Mr. Darling: Interest rates are set to deliver the Government's inflation target. Low inflation and economic stability are in the interests of any successful business. I want a stable and competitive pound and the action my right hon. Friend the Chancellor and I have taken to tighten fiscal policy should help rebalance the economy.

28. Sir Teddy Taylor: To ask the Chancellor of the Exchequer what advice he has received from the Governor of the Bank of England about the reasons for the recent increase in interest rates; and if he will make a statement. [6206]

Mrs. Liddell: The Bank of England is responsible for setting interest rates to meet the Government's inflation target.

In its press release of 6 June, the Bank of England stated that its decision to raise interest rates " . . . offers the best chance of achieving continued growth in output and employment at a sustainable pace."

Full minutes of the Monetary Policy Committee meeting, including a record of the voting, will be published on 16 July.

10 Jul 1997 : Column: 605

Investment

20. Mr. John Cryer: To ask the Chancellor of the Exchequer what recent representations he has received from small business relating to levels of investment.[6198]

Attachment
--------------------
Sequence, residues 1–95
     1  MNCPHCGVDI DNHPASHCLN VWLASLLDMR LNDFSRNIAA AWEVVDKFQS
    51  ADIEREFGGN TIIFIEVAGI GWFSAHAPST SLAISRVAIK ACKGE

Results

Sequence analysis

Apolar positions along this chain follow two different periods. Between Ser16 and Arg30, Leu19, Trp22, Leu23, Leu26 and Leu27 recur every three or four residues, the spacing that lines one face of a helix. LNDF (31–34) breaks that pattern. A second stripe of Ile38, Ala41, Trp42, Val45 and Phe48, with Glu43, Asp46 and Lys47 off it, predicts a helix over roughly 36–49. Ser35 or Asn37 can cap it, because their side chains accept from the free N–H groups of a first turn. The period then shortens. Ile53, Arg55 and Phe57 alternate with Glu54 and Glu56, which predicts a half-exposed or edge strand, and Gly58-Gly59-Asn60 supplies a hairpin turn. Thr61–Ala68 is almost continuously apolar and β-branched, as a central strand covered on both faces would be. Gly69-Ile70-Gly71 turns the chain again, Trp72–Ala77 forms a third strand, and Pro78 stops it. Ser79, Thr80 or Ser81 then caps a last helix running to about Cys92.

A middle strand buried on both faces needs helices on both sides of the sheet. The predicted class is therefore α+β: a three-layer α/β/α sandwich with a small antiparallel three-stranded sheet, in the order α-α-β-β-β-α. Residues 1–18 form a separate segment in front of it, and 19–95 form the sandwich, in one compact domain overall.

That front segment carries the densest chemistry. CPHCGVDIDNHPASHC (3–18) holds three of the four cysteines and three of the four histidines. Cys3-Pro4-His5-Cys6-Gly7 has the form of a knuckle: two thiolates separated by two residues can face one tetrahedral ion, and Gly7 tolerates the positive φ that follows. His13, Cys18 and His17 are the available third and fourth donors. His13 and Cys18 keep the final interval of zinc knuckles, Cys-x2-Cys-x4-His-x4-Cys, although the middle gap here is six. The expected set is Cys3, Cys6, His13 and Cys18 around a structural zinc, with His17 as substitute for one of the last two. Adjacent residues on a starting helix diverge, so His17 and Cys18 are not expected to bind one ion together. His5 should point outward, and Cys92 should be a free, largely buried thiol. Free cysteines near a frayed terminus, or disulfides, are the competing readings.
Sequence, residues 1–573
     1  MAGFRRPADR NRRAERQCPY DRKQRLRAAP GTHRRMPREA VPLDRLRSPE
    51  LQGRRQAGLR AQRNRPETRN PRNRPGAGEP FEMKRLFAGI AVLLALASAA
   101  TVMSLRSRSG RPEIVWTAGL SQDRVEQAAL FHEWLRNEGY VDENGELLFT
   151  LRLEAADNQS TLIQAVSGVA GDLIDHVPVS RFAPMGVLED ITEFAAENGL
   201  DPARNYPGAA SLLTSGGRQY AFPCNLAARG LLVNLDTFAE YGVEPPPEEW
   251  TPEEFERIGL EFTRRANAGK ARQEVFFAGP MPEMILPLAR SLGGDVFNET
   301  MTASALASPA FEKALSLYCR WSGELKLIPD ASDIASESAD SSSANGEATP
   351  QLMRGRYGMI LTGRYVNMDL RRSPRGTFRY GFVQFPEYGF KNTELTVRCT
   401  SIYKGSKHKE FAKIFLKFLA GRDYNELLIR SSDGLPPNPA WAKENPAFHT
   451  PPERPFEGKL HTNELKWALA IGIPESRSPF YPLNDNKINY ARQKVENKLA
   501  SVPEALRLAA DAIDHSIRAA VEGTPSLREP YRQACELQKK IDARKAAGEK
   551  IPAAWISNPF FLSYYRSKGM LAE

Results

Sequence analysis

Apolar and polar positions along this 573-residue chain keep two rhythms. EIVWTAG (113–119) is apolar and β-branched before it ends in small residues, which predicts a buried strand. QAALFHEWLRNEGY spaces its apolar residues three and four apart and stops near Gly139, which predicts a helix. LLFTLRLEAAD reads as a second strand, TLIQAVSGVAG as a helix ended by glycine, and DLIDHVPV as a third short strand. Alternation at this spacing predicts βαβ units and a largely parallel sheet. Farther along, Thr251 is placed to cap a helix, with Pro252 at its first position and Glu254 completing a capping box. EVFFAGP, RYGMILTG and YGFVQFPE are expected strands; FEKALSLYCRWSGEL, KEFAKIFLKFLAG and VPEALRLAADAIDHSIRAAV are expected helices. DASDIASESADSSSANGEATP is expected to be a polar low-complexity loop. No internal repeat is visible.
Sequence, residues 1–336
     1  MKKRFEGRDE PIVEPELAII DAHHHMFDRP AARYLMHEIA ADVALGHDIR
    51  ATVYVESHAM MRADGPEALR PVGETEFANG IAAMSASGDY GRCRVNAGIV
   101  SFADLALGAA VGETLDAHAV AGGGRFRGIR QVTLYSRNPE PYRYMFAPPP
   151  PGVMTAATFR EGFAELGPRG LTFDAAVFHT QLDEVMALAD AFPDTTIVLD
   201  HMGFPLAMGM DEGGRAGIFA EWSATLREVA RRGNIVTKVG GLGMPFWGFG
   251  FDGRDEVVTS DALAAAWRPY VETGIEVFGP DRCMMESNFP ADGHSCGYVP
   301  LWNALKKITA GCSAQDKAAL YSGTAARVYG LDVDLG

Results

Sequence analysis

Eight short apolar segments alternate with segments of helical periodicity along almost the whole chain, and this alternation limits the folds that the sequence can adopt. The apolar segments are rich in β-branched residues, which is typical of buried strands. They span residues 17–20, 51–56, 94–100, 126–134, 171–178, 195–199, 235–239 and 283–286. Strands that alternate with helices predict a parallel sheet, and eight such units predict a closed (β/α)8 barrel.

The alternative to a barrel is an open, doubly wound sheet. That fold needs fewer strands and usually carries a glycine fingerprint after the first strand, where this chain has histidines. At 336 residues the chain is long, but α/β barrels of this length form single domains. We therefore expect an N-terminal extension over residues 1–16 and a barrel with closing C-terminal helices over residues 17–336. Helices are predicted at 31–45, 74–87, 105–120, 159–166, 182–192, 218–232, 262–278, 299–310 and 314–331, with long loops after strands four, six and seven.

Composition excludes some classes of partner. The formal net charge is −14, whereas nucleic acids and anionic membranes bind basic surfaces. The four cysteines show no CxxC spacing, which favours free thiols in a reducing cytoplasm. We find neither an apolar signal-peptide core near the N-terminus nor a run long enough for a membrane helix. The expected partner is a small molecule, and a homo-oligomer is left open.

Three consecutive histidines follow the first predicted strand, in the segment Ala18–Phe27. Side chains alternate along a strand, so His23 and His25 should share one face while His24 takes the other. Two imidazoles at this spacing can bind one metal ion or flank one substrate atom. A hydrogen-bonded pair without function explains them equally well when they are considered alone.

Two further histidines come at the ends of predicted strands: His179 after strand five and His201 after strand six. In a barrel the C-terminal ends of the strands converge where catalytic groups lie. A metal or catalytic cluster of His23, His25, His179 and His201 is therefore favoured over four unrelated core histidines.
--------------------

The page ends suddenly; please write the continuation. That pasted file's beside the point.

Mrs. Liddell: The Chancellor received many representations about investment from small businesses and took action in this Budget to encourage more investment in small and medium sized enterprises.

Inland Revenue Offices

21. Mr. Rendel: To ask the Chancellor of the Exchequer if he will make a statement on his plans to close Inland Revenue offices. [6199]

Dawn Primarolo: The Inland Revenue has now completed four years of its 10 year programme to restructure its network of local offices. As part of the planning process, the Department is reviewing those outline proposals which could result in the closure of the only office in a town.

Welfare-to-work Strategy

22. Mr. O'Hara: To ask the Chancellor of the Exchequer if he will make a statement about his welfare-to-work strategy. [6200]

27. Dr. Starkey: To ask the Chancellor of the Exchequer if he will make a statement about his welfare-to-work strategy. [6205]

Mr. Brown: My Budget set out detailed proposals to help the young and long-term unemployed, and the first serious national effort to help lone parents find jobs. I intend to extend this approach to other groups excluded from the labour market, including those on incapacity benefit. We will also streamline and modernise the tax and benefits so they promote work, reduce poverty and dependency, and strengthen community and family life.

Pension Misselling

25. Mr. Tipping: To ask the Chancellor of the Exchequer if he will make a statement on progress towards compensation for victims of pension misselling.[6203]

33. Mr. Alan Simpson: To ask the Chancellor of the Exchequer what further meetings he intends to have with representatives of the pensions industry to discuss the selling of pensions. [6211]

Mrs. Liddell: I refer my hon. Friend to the Written Answer I gave to the hon. Member for East Ham (Mr. Timms) on 9 July, column 477.